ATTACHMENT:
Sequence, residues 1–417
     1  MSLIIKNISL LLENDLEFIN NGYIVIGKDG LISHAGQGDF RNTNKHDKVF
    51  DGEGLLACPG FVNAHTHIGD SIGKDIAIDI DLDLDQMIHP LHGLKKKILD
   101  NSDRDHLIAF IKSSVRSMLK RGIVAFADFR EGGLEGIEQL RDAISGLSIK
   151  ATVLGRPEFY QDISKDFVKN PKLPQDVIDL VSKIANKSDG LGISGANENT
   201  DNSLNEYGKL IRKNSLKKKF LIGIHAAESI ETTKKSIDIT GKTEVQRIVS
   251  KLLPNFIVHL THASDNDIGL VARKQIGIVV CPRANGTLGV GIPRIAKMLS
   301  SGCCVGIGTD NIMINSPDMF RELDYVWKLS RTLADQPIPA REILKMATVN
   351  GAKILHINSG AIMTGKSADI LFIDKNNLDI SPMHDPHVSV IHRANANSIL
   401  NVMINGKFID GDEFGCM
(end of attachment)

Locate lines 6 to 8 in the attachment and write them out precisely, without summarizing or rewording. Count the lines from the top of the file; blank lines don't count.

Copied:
   201  DNSLNEYGKL IRKNSLKKKF LIGIHAAESI ETTKKSIDIT GKTEVQRIVS
   251  KLLPNFIVHL THASDNDIGL VARKQIGIVV CPRANGTLGV GIPRIAKMLS
   301  SGCCVGIGTD NIMINSPDMF RELDYVWKLS RTLADQPIPA REILKMATVN